Ferrari’s appeal is listed What retail will do?
The stock’s arrived on the US market, plus two other opportunities: the spin-off from Fiat and the launch in Milan.

By Andrea Gennai

It’s undoubtedly the world’s most famous Italian brand. And now Ferrari has made its debut on the stock exchange. So now, even small investors can include Ferrari shares in their portfolio. But what’s happened so far, i.e. the listing on Wall Street (see also the other feature, below), is just the first step in a more complex operation. An intermediate stage, to be followed first by hiving off Ferrari from Fiat Chrysler Automobiles (FCA), which still controls 80% of the Maranello-based carmaker, and then listing the company on the Borsa in Milan. “Ferrari’s IPO on Wall Street”, explains Angelo Meda, equities portfolio manager at Banor Sim, “allows us to give a precise evaluation of the ‘prancing horse’ and so to establish its importance within FCA.
Until a few months ago, it was valued at 5 to 6 billion, while the listing has given it a capitalisation of around 10 billion. In that light, we know that about 5 euro (of the current 14) of the value of Fiat stocks can be attributed to Ferrari. The shareholders’ meeting will take place in December, with the remaining 80% of Ferrari held by FCA being allocated to the shareholders. One Ferrari share will be allocated for every 10 FCA shares. Once the operation is completed, we think in early January, probably coinciding with the listing in Milan, Ferrari’s floating stock will go from the current 10% to over 60%.
This increase in the floating stock will bring in new shareholders, including private investors who want a stake in Ferrari. If we assume that at present the stock on Wall Street is too volatile, one strategy could be to buy FCA shares in advance, in the run-up to the divestment. Of course, that means investors would also be exposed to fluctuations in the FCA price. And opinions vary among analysts as to the effects after the operation is concluded.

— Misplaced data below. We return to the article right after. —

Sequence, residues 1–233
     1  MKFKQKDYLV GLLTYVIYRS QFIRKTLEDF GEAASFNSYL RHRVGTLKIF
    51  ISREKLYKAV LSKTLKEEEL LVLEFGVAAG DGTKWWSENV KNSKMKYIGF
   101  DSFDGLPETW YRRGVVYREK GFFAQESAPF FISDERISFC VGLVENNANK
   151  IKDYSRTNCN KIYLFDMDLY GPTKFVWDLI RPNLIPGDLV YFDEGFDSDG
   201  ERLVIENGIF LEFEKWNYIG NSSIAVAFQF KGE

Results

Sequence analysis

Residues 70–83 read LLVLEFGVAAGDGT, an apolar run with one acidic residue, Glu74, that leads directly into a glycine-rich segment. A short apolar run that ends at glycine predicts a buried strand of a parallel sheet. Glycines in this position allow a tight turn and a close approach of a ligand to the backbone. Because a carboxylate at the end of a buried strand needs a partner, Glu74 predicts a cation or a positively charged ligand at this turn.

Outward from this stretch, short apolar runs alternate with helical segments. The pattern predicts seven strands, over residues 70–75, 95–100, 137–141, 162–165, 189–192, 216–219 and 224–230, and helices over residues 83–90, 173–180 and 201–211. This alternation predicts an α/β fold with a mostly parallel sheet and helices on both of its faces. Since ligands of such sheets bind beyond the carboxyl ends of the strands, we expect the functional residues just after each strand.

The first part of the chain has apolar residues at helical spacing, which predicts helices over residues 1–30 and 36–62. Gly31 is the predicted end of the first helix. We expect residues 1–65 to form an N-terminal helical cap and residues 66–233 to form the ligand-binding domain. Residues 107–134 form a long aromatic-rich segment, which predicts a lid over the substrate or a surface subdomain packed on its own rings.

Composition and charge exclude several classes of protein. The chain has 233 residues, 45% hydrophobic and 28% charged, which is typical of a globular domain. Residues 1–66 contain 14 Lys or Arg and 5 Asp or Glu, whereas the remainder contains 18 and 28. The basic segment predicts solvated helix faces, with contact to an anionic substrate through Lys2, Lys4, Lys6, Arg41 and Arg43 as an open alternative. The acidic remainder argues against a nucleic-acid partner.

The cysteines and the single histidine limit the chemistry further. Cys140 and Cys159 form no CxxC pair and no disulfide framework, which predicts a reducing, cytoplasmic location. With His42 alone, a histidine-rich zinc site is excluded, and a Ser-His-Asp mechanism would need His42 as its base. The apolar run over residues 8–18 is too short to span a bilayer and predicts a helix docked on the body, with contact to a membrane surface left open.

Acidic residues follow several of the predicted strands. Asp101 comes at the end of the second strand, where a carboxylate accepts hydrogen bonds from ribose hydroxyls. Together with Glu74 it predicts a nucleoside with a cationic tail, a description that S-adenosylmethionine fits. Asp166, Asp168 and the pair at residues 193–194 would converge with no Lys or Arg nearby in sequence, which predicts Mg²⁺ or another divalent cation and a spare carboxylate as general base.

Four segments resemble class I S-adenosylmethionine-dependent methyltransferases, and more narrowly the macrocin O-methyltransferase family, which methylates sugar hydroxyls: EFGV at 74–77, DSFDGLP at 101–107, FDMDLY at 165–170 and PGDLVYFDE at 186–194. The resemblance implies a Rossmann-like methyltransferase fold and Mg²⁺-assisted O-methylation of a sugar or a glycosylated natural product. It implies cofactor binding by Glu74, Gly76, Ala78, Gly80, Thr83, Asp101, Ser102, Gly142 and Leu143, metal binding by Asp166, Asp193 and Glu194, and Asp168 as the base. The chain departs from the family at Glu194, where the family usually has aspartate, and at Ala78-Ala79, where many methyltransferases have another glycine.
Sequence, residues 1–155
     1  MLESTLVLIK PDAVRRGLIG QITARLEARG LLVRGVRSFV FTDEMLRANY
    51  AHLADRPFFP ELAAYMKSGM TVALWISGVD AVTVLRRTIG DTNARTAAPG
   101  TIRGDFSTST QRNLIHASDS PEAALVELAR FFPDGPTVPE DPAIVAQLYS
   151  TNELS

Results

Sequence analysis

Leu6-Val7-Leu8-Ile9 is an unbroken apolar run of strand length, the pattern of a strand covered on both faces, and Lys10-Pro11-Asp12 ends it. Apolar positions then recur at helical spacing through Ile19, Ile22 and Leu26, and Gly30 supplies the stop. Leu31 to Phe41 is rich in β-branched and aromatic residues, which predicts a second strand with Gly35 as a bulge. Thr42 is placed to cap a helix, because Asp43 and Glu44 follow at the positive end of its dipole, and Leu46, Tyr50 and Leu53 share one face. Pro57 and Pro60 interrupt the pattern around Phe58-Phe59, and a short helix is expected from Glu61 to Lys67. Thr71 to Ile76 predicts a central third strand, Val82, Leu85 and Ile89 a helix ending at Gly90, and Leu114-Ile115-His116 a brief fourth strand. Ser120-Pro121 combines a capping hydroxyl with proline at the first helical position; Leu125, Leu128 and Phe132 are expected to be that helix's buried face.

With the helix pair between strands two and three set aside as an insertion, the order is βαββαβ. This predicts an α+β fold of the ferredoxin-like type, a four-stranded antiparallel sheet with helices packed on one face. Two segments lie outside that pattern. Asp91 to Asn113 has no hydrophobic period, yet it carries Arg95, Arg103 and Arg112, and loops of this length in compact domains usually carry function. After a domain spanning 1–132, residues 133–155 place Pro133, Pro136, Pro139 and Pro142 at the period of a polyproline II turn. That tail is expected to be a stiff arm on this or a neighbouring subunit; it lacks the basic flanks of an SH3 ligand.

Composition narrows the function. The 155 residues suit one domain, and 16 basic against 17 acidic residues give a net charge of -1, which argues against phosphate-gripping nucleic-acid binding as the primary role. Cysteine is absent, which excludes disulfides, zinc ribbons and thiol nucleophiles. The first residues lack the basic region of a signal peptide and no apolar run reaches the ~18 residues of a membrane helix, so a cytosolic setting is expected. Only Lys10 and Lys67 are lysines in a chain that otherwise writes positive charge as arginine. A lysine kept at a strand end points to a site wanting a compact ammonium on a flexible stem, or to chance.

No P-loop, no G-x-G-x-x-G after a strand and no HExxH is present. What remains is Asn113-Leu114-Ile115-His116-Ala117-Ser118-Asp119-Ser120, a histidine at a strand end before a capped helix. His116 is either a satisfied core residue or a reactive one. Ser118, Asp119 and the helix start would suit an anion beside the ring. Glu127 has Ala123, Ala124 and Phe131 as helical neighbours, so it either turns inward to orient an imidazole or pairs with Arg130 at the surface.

“Right now”, continues Meda, “the price of FCA, without Ferrrari, only takes account of the American side and essentially values the operations in Europe and Brazil at zero. So we don’t think FCA stocks will suffer a backlash after the Ferrari spin-off, bearing in mind that alliances are another a hot topic that will probably be next on FCA’s agenda after the Ferrari operation”.
Forecasting these effects is always very complex. “Anyone buying FCA stocks today”, explains Gabriele Gambarova, analyst at Banca Akros, “is doing so partly to have Ferrari shares at the time of the spin-off, with the shareholders’ meeting taking place in early December. The value of the stock is in part being underpinned by this expectation. Once the Maranello company has been hived off, FCA could experience some repercussions, given that the evaluation is not that cheap. So the outlook could change in the light of new alliances or an upwards adjustment of growth projections”.
Once they’ve assessed the situation, investors can opt to buy FCA in the run-up to the Ferrari spin-off or wait for the latter to make its debut in Milan’s Piazza Affari. At that point, they could buy Ferrari shares directly, in a scenario of increased floating stock and without the dollar-effect, which at present weighs on trading on Wall Street.
Another way to ride the Ferrari wave indirectly in the run-up to the spin-off is to buy Exor, the upstream “strongbox” that owns a significant holding in FCA. “With this operation, Exor will receive 23.3% of Ferrari”, underscores Martino De Ambroggi, analyst with Equita Sim, “and, thanks to the double-vote mechanism for long-term shareholders, could have full control of the Maranello company, along with Piero Ferrari. That way, downstream, it would no longer have a conglomerate but two entirely separate holdings, FCA and Ferrari. Exor is already seeing the effects of this prospective operation and the Net Asset Value (NAV) discount has decreased to just 10%”.


After the IPO on Wall Street, Ferrari’s capital is structured as follows: 80% of Ferrari NV is still owned by Fiat Chrysler Automobiles (FCA), which itself is a Dutch holding, and 10% by Piero Ferrari (son of the founder), while 10% is on the market. Then Ferrari NV will be hived off from FCA. An extraordinary general meeting of FCA shareholders, which could take place in Amsterdam in early December, is expected to give the go-ahead for the operation. In stages, the 80% of Ferrari still owned by FCA will be allocated to FCA shareholders and holders of convertible bonds. Current FCA shareholders will receive one Ferrari share for every 10 shares they hold.

Original article in Italian language, available here: Il Sole 24 Ore Plus, October 31, 2015.


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